Toggle menu

TRIGGER

Start date:
Historic
End date:
March 2014
Co-ordinated by:
National Health Services Blood and Transplant Services

Transfusion in Gastrointestinal Bleeding

Aim

To evaluate the feasibility and safety of implementing a restrictive versus liberal red blood cell (RBC) transfusion policy in adult patients admitted with Acute Upper Gastrointestinal Bleeding (AUGIB) in order to inform the design of a definitive phase III randomised controlled trial.

Trial Design

A multi-centre, feasibility, cluster randomised controlled trial comparing restrictive versus liberal blood transfusion strategies in adult patients admitted with acute upper gastrointestinal bleeding

Chief Investigator

Professor Mike Murphy & Dr, Vipul Jairath 

Local PI

Professor Alasdair Gray

List of Publications – References

Vipul Jairath, Brennan C Kahan, Alasdair Gray, Caroline J Doré, Ana Mora, Martin W James, Adrian J Stanley, Simon M Everett, Adam A Bailey, Helen Dallal, John Greenaway, Ivan Le Jeune, Melanie Darwent, Nicholas Church, Ian Reckless, Renate Hodge, Claire Dyer, Sarah Meredith, Charlotte Llewelyn, Kelvin R Palmer, Richard F Logan, Simon P Travis, Timothy S Walsh, Michael F Murphy: Restrictive versus liberal blood transfusion for acute uppergastrointestinal bleeding (TRIGGER): a pragmatic, open-label,cluster randomised feasibility trial. The Lancet Published online May 6, 2015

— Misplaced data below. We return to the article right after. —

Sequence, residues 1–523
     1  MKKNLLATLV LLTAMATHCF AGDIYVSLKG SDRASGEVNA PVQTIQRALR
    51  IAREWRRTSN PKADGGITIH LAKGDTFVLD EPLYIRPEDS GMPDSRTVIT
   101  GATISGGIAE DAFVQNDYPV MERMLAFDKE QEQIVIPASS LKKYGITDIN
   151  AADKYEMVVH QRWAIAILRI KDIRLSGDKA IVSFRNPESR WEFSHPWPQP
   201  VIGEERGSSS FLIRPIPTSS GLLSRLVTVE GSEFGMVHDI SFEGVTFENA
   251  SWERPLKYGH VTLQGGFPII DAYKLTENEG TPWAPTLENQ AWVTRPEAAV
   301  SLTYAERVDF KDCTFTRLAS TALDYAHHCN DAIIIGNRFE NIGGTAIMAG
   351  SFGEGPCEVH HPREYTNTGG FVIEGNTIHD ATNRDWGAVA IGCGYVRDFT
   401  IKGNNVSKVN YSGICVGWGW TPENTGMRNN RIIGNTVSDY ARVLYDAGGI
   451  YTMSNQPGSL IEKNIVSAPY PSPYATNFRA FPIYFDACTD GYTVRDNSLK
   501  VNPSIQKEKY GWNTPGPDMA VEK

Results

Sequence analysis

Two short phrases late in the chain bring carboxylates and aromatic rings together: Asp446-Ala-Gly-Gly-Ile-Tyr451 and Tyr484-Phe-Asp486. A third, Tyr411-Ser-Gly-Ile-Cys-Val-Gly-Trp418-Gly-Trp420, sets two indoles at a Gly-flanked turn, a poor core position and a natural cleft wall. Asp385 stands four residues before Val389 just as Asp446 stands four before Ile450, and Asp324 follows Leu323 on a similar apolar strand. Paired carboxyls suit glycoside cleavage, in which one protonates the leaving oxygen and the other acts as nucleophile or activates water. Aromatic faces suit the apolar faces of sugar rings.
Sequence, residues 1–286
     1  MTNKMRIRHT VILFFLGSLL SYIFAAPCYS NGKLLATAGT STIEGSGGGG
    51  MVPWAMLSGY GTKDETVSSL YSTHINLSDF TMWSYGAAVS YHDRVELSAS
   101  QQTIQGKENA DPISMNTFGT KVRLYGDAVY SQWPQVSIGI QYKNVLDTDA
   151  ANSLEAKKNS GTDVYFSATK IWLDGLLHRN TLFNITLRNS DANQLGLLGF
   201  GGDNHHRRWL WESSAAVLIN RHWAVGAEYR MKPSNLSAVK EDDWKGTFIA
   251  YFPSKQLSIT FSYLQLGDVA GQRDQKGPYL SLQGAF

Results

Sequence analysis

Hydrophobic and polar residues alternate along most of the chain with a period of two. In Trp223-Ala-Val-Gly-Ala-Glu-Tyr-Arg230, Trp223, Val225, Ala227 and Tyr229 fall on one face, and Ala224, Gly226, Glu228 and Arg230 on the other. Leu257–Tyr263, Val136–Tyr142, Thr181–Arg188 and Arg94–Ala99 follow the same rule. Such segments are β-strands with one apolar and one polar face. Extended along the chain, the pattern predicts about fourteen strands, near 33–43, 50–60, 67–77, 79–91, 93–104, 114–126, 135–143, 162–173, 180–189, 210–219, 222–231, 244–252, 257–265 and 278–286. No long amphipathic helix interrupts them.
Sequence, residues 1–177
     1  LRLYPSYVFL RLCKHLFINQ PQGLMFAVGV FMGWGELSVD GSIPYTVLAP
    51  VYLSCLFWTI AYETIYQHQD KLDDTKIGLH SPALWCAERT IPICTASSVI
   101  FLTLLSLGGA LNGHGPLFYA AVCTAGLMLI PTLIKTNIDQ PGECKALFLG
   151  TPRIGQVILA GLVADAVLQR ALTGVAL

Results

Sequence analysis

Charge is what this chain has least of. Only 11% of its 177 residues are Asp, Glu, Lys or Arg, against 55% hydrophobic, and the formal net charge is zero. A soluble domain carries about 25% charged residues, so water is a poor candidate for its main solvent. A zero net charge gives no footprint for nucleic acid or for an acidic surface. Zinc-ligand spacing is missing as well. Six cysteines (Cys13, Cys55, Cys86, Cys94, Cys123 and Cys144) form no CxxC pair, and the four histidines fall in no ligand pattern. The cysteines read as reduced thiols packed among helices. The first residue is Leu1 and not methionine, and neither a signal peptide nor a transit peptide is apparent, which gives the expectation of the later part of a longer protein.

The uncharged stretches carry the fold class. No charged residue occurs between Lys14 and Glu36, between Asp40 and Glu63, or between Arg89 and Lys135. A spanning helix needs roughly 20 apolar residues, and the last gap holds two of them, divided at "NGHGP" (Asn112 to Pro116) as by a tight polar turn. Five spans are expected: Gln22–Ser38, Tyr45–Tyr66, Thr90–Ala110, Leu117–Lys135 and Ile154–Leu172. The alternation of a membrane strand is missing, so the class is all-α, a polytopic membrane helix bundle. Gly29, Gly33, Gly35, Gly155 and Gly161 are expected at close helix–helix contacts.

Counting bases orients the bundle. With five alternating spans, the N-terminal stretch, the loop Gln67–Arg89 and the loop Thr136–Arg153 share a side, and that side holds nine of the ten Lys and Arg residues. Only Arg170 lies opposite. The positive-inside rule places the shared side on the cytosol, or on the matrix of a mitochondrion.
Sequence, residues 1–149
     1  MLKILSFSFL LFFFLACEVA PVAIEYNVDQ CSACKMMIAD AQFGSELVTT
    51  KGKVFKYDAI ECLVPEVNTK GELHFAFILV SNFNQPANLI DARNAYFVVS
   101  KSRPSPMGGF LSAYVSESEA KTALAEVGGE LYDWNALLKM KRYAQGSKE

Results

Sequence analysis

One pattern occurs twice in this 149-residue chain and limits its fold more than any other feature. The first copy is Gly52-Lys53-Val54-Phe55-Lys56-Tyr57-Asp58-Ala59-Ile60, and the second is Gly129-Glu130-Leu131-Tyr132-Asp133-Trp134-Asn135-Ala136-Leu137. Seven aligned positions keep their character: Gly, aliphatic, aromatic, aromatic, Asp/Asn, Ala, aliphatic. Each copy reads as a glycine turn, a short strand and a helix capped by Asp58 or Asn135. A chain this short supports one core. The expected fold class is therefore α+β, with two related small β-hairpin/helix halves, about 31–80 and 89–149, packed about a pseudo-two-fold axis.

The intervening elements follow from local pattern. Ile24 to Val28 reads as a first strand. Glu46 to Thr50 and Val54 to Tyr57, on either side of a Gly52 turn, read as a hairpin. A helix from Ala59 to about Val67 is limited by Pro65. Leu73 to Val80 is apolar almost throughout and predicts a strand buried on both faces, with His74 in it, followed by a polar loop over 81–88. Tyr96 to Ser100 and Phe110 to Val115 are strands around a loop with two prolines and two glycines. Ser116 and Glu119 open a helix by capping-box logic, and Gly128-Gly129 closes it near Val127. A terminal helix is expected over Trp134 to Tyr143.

Local PI

Professor Alasdair Gray

Director of EMERGE & Consultant in Emergency Medicine

Research Team

Judy Coyle

Scottish Research Nurse of the Year 2015 (SRNCN)

More EMERGE Trials

Attitudes towards Research and Research Nurses among the clinical team in an Emergency Department (ED) and Acute Medical Unit (AMU)

Read more

Research on Research

Attitudes towards Research and Research Nurses

MAPP2

The Markers and Paracetamol Poisoning Study 2

Intervention
1. Ambulatory Device, Rocket Pleural vent insertion
2. Standard Treatment, Aspiration +/- chest drain
Primary Outcome Measures
To assess whether use of an ambulatory device (Rocket Pleural Vent) and treatment strategy reduces hospital stay. Total length of stay in hospital up to 30 days post randomisation. Up to 30 days post randomisation.

Read more

RAMPP trial

RAMPP trial - Randomised Controlled Trial: Pleural vent (rocket) V standard care in Primary Spontaneous Pnuemothorax